Republican frontrunner Donald Trump and the party's one-time expected nominee, former Florida governor Jeb Bush, clashed in the party's fifth presidential debate over the businessman's plan to bar Muslims.
National security and the response to terrorism dominated the debate, the first since the attacks on Paris and San Bernardino, coming on a day when a threat closed more than 1,000 schools in Los Angeles.
Tetchy exchanges between Mr Trump and Mr Bush and among the three freshman senators in the race, Marco Rubio, Ted Cruz and Rand Paul, dominated the final debate of 2015, hosted by CNN in Las Vegas.
The anticipated face-off between Mr Trump and Mr Cruz, the conservative alternate to the brash businessman, failed to materialise, despite the Texas senator's recent surge into second place and overtaking Mr Trump in some polls in the first-nominating state Iowa.
The more personal exchanges instead came between the man seeking to become the third President Bush and the reality TV star who has stunned the establishment with his brash, outsider campaign.
The former two-time governor attempted to breathe life into a flagging campaign, looking to make an impression for the first time on a debate stage.
Mr Bush attacked Mr Trump’s proposal to bar Muslims from entering the US, attempting to undermine his credibility as commander-in-chief at a time when terrorism has in recent weeks become the number-one concern for the American people.
The plan would weaken efforts to build a strong coalition among Muslim states to defeat Islamic State militants, said Mr Bush, before attacking the businessman personally over his propensity to insult.
“Donald, you know, is great at the one-liners but he’s a chaos candidate and he’d be a chaos president. He would not be the commander-in-chief we need to keep our country safe,” he said.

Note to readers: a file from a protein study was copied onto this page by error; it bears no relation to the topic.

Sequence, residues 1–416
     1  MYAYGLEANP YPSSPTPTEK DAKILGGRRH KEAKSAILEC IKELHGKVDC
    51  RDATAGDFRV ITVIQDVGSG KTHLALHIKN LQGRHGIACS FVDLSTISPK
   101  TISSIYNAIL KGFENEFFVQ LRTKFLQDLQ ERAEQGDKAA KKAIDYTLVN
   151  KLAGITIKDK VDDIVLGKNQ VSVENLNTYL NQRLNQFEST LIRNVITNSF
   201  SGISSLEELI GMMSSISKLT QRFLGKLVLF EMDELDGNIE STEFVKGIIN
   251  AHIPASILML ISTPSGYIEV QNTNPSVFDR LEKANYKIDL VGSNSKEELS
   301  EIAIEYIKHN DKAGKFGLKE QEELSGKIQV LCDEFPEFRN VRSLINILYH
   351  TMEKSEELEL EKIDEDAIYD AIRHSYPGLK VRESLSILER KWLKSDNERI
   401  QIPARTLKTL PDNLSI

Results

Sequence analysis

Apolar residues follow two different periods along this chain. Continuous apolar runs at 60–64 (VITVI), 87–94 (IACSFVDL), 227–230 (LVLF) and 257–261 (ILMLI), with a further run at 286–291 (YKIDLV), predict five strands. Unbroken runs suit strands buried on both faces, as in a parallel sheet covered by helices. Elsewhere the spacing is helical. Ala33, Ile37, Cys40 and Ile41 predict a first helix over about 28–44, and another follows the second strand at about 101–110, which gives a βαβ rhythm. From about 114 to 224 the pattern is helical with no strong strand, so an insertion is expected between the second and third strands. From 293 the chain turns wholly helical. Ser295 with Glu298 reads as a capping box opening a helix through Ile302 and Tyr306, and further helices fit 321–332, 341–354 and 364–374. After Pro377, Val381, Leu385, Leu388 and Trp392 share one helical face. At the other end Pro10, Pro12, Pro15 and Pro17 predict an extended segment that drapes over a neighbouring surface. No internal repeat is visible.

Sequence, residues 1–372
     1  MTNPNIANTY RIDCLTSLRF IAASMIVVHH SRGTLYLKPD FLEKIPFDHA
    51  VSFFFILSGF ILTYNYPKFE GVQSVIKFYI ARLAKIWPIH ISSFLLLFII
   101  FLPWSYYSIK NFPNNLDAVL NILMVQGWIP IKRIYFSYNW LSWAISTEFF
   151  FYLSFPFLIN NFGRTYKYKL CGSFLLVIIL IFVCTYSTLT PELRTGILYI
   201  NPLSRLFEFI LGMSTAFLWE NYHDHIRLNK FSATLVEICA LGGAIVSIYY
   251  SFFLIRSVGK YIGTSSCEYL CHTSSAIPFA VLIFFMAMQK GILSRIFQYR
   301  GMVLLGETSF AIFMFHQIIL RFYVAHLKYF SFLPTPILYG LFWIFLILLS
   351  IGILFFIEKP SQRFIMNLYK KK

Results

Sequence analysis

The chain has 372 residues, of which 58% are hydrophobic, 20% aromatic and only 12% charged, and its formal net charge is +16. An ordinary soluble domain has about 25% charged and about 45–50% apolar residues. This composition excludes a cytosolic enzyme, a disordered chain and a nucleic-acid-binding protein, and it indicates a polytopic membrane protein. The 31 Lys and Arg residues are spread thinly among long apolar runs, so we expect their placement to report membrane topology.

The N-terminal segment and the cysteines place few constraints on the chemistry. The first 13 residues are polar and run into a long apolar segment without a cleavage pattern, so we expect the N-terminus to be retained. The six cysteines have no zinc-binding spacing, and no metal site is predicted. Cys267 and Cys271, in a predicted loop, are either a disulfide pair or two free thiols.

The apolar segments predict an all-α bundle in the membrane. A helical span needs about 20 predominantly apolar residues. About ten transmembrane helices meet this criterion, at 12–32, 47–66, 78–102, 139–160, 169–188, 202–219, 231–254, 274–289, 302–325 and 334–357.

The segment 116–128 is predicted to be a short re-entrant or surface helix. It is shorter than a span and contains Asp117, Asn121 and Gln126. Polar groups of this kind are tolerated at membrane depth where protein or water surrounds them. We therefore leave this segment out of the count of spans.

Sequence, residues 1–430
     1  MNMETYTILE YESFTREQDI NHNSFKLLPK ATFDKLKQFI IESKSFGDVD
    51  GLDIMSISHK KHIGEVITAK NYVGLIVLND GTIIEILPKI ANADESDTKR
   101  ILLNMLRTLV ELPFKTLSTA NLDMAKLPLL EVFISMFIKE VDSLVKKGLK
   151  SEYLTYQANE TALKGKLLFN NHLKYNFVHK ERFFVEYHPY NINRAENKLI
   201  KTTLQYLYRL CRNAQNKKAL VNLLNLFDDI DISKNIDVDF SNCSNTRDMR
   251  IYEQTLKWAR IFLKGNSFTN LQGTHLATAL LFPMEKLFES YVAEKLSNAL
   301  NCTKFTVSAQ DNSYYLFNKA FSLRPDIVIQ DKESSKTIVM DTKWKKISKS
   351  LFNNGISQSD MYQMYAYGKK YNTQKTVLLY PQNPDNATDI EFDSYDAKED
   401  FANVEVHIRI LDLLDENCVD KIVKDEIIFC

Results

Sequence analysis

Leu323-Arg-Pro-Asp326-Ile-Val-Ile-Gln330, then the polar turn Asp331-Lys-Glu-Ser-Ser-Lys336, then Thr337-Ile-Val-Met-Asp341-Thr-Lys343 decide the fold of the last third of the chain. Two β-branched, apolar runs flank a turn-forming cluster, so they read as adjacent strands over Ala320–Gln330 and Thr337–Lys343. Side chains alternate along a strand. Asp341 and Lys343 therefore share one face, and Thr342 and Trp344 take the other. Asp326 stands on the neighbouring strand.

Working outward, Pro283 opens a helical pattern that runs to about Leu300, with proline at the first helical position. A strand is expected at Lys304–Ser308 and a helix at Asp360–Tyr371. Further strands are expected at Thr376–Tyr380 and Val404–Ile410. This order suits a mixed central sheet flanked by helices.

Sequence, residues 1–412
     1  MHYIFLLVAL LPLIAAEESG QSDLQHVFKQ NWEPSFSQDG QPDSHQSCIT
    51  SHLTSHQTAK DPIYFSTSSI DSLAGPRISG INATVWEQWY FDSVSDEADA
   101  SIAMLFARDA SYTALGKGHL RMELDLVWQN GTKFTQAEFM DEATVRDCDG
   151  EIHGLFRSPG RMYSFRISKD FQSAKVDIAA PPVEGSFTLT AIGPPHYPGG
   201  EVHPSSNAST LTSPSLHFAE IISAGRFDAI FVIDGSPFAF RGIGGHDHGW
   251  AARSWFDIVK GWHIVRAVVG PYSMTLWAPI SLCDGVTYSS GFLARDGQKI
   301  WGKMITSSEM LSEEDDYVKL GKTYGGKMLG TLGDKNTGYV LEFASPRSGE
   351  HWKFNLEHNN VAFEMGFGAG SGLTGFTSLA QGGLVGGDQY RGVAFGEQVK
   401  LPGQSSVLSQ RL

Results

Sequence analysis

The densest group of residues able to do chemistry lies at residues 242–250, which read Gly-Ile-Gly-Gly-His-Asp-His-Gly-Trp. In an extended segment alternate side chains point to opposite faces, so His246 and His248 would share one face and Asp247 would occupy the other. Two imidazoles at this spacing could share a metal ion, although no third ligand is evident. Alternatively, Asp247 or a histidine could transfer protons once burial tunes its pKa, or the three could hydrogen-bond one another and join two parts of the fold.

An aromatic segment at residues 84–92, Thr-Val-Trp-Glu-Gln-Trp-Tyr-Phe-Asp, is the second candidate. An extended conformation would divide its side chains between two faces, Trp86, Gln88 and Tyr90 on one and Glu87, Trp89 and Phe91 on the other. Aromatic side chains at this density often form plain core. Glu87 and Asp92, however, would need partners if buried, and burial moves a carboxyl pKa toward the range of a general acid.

Mr Trump shot back, saying that Mr Bush called him “unhinged” over his Muslim plan because he has fallen behind in the polls.
“He said that very simply because he has failed in this campaign. It’s been a total disaster. Nobody cares,” he said of his rival.
The property tycoon had to defend his radical plan from the outset, responding to his first question on whether he wanted to isolate the US.
“We are not talking about isolation. We’re talking about security. We’re not talking about religion. We’re talking about security,” he said.
The plan was scarcely mentioned during the three-hour debate, despite the condemnation he attracted at home and abroad.
The two sparred again when Mr Trump challenged the former two-term governor on his remarks that Mexican immigrants crossed the border as an act of love, while Mr Bush criticised his stance on Isis.
“I know you’re trying to build up your energy, Jeb, but’s it not working very well,” said the businessman, repeating his regular “low energy” jab at the former governor.
“You’re not going to be able to insult your way to the presidency,” Mr Bush told the businessman, to cheers from the crowd at The Venetian hotel and casino on the Las Vegas strip.
Mr Trump wasn't alone in being a target of attacks. Mr Rubio, the Florida senator who is running third in the polls, was challenged on national security and immigration by his two Senate colleagues.
Mr Cruz, who had a less assured debate than previous, accused Mr Rubio of waging "false" attacks on his position on the government's phone surveillance programme. He was joined by Mr Paul, a long-time critic of the National Security Agency, in attacking Mr Rubio.
The Kentucky senator waged another assault on the Florida senator claiming that his support of a Senate comprehensive immigration bill made him the “weakest of all the candidates on immigration.
“He is the one for an open border that is leaving us defenceless,” said Mr Paul, attempting to advance from his ninth-place position.
Mr Rubio didn’t have the runaway performance he enjoyed in previous debates but he showed himself to be a capable debater, knowledgable on foreign policy and well able to defend himself.
In a big moment for the party on the night, Mr Trump ruled out running as an independent, a nightmare scenario for Republicans that would inevitably split voters and hand the Democrats, most likely Hillary Clinton, victory in the November 2016 run-off election.
“I’ll be honest, I really am,” said Mr Trump when asked if he would abide by a pledge not to stand as an independent, despite wavering on the issue in response to sharp Republican criticism of his Muslim plan.
Mr Trump said that he had “gained great respect for the Republican leadership” and that he was “totally committed” to the party.
The final Republican debate of 2015 left few signs of how the large field might be trimmed with just seven weeks until the first voters start picking nominees for each of the parties in Iowa on February 1st.